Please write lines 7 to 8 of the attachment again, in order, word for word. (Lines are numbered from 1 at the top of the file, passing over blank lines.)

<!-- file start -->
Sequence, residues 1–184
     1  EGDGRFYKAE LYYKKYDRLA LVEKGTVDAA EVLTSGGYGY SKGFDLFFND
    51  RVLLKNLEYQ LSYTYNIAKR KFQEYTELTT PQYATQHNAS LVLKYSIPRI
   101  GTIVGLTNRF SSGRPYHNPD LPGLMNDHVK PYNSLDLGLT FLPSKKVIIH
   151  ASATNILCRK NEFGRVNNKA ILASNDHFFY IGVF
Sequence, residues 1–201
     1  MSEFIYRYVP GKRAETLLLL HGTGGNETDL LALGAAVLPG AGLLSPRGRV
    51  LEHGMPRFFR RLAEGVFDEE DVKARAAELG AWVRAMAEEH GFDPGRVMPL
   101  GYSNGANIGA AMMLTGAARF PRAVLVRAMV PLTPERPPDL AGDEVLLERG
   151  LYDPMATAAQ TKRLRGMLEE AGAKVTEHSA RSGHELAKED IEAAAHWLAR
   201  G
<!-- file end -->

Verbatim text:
     1  MSEFIYRYVP GKRAETLLLL HGTGGNETDL LALGAAVLPG AGLLSPRGRV
    51  LEHGMPRFFR RLAEGVFDEE DVKARAAELG AWVRAMAEEH GFDPGRVMPL